Shield Force tasked with “cleaning up” Kowloon immediately after the end of the Japanese occupation, Part Three – Ping Shan Airfield
Graham Wood has kindly sent the following newspaper article, published in March 1946.
HF: I have retyped the article to enhance clarity and aid searches. As the article is fairly lengthy and covers several subjects of interest to readers of this website namely: power stations, the KCR and Kai Tak airfield, and Ping Shan airfield which was proposed to replace Kai Tak post-WW2, I will post a separate article on each of these topics. This article ends with information about Ping Shan airfield. We have a number of articles about the airfield which are linked below.
The Wing, which comprised 90 per cent of “Shield” Force, was at sea bound for Okinawa and ultimately the Japanese mainland, with airfield construction as its primary objective on the invasion route to Tokyo, when news was suddenly received of the Japanese surrender.
At the time “Shield” Force was the largest body of troops nearest to Hong Kong and the Kowloon peninsula and was redirected here.
In its first months in Kowloon 5358 Wing was faced with a cleaning-up job that involved many a task far removed from its speciality of airfield construction. This included the maintenance of electric power, the servicing of all available transport, overhaul of an engine and rolling stock and an initial survey of the condition of the Kowloon-canton railway line and a complete road survey of all roads in the New Territories.
When en route to Okinawa in the troopship, the Empress of Australia, “Shield” Force received signal instructions to proceed to Hong Kong and take over the Kowloon Peninsula, reports as to conditions in Kowloon were vague.
Arrival in Empress
The Empress of Australia berthed at Kowloon Wharf on the morning of Sept. 4, 1945. A brief picture of the situation ashore was given to the officers and men and, by 3 p.m. 5358 Wing Headquarters and 5025 Airfield Construction Squadron, totalling some 650 personnel, were disembarking in full marching order.
Before three hours had elapsed, temporary billets had been found, and 5025 Squadron were establishing their first pickets and guards. At dawn on the following day, 5024 Squadron began disembarking, and later in the day 5026 Squadron followed. The remaining Squadron, No. 5207, came ashore the next day.
The total force comprised some 2,600 personnel. Each squadron was made responsible for an area of the peninsula. The first move was to take over from the Japanese strategic points, including district police stations. Law and order had to be maintained, and the difficult task undertaken of the suppression of looting.
The First 36 Hours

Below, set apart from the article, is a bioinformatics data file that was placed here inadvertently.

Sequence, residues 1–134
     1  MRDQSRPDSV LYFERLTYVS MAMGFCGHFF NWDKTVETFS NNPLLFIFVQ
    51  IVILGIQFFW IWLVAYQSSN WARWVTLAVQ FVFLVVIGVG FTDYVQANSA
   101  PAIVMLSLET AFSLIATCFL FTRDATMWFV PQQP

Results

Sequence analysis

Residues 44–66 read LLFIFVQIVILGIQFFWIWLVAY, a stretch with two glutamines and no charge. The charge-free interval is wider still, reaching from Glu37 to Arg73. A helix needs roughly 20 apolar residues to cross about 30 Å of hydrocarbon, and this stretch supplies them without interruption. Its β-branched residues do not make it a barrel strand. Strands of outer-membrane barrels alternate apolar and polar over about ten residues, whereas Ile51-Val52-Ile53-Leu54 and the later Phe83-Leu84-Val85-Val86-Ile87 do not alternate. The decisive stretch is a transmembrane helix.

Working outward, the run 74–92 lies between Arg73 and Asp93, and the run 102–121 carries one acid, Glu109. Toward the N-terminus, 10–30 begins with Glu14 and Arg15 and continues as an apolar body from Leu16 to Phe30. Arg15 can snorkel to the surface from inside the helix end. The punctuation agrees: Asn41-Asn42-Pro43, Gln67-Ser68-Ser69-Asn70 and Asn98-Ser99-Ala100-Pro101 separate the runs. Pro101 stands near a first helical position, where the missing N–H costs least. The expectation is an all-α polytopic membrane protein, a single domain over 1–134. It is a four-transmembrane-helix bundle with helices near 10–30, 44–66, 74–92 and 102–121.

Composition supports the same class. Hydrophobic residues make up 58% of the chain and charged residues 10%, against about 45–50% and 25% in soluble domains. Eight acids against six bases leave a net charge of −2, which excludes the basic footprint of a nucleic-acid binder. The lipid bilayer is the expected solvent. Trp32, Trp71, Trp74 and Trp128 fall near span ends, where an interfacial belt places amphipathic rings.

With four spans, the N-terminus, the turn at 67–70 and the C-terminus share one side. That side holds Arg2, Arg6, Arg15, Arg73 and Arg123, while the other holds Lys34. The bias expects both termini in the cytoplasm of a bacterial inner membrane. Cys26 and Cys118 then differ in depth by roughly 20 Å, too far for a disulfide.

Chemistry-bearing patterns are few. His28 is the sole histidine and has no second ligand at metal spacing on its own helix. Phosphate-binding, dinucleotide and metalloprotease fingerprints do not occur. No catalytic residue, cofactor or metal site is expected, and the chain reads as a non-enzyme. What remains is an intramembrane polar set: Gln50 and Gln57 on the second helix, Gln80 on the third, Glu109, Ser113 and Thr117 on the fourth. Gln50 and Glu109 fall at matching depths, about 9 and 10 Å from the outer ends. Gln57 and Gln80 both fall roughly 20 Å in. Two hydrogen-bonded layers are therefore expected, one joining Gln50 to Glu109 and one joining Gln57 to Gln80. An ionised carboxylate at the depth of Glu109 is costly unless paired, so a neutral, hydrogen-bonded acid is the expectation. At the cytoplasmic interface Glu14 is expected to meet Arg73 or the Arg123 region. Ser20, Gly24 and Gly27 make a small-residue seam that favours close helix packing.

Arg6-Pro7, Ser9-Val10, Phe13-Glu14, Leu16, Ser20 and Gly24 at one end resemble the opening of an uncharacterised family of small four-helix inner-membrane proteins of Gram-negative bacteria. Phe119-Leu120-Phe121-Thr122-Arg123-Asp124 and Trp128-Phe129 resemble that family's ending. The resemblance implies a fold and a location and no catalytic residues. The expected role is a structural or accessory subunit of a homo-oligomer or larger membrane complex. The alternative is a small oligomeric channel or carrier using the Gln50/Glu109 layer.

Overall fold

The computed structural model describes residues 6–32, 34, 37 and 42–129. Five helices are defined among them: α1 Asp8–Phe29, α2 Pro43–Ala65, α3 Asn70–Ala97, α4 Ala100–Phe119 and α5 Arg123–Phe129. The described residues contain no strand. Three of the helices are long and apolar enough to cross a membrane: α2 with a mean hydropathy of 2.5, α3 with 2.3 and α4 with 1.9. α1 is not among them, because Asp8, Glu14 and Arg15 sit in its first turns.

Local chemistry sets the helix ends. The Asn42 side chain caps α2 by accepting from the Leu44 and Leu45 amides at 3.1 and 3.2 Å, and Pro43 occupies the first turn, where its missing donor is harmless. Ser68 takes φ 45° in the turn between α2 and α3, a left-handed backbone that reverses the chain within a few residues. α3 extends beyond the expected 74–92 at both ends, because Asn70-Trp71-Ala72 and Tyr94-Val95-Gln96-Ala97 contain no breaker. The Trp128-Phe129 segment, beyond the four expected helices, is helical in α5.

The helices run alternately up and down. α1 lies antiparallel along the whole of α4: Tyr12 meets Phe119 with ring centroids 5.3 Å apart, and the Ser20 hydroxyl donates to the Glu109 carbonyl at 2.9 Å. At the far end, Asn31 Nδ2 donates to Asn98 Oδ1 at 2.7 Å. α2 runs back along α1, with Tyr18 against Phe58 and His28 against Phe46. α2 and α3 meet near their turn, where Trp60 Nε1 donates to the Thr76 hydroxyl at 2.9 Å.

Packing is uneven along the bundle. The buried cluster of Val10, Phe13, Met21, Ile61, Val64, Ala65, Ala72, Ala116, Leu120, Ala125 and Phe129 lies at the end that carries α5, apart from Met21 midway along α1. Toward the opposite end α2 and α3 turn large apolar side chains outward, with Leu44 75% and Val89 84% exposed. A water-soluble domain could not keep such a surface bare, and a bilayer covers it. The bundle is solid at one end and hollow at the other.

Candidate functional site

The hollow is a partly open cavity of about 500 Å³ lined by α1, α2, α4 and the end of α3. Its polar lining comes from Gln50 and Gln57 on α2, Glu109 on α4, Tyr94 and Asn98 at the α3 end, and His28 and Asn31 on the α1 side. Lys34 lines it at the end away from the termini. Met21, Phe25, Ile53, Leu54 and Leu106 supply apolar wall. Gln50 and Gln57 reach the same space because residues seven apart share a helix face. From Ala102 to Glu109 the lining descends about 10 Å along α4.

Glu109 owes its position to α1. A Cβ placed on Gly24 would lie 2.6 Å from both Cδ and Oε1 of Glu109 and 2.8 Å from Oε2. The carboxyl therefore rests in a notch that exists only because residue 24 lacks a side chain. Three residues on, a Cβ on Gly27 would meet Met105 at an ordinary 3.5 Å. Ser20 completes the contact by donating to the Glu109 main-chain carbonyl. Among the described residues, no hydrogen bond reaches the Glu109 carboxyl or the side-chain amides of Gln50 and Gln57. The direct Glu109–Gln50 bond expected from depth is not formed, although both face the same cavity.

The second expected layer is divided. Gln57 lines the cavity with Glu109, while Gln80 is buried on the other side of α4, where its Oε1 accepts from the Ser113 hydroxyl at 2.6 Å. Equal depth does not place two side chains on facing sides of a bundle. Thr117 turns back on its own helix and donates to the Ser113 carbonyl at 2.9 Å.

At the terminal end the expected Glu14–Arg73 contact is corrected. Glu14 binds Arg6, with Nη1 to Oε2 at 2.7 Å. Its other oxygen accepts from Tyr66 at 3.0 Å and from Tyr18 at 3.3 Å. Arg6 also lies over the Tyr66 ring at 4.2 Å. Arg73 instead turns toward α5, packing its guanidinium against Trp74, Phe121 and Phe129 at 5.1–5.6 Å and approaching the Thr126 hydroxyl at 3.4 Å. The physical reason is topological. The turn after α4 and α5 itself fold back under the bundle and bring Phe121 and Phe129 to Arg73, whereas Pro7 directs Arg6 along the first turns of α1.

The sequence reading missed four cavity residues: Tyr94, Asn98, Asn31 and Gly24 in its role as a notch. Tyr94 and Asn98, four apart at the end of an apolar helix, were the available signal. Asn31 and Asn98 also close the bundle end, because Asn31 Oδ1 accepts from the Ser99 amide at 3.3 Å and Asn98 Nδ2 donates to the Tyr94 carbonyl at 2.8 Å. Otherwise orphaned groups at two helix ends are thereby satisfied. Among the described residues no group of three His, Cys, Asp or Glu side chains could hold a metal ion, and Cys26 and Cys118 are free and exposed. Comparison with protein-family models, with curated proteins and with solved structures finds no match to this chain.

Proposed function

The first 36 hours ashore taxed the resources of the Wing to the utmost, but the airmen, faced with a task entirely new to them, responding nobly and quickly, soon had the situation in hand. Billets had to be fixed, in most cases, in stripped buildings, rations were spasmodic in arriving, but strategic points were held and hastily summoned parties quelled innumerable outbursts of looting by day and night. Japanese in small and large numbers were rounded up and disarmed and altogether, it is estimated, some 2,600 personnel dealt with 18,000 of the enemy.
The disarming of the Japanese completed, the difficulties of the task yet ahead became all too apparent. Transport did not exist; electric power was unreliable and the supply limited; the streets were littered and stank with accumulated rubbish and filth. Something had to be done to begin the work of restoration, and at a time when the resources of personnel were strained to the upmost, tradesmen and others who could be ill-spared from their initial task were allocated to the first vital jobs of keeping the machinery of civic welfare running as smoothly as was possible under the circumstances…
Ping Shan Airfield
With the greater part of their task accomplished in the Peninsula, the Wing commenced on preparatory work for the laying-out of the Ping Shan Airfield. Initial preparations have now been completed and access roads and a connecting light railway built to the quarry that is now producing 15,000 tons of broken granite monthly.
The Wing has also been working at Kai Tak, putting down new concrete hard stonings and erecting a hutted camp. Since the end of December, it has started training Chinese for skilled tasks in construction work. To date, 280 plant operators have completed a course, 270 drivers have gone through the R.A.F. lorry driving and maintenance course and 100 fitters through a Diesel-conversion course.
A job recently completed was the rebuilding for heavier motor traffic of the 10 mile road from Tsun Wan to Taimoshan Peak. A job yet to be completed is the clearing of the hill outcrop at Taiwashan in the Ping Shan Valley where 230,000 tons of rock are to be cleared away by blasting.
Since its arrival in September, the strength of the Wing, with personnel going Home on demobilisation, has fallen to about 1,500. With nearly 1,000 going with a week and a transfer of some 200 to other units, 5358 Wing is to continue with its strength reduced to about 300.
Source: The China Mail 28th March 1946.
This article was first posted on 20th December 2021.
Related Indhhk articles:
- Ping Shan – proposed airport for Hong Kong
- Ping Shan Airport – Statement of Air Officer Commanding Hong Kong, 1945
- Replacing Kai Tak airport post WW2 – three articles about Ping Shan/Deep Bay
- Lam Tei Quarry – Ping Shan Airport , RAF Technical Magazine Report, May 1946
- Ping Shan airfield – further information
- Ping Shan airport – an extract from Paul Tsui’s unpublished memoir
- Ping Shan – proposed airport for Hong Kong – further images
- Lam Tei Quarry connections with post WW2 proposed Ping Shan Airport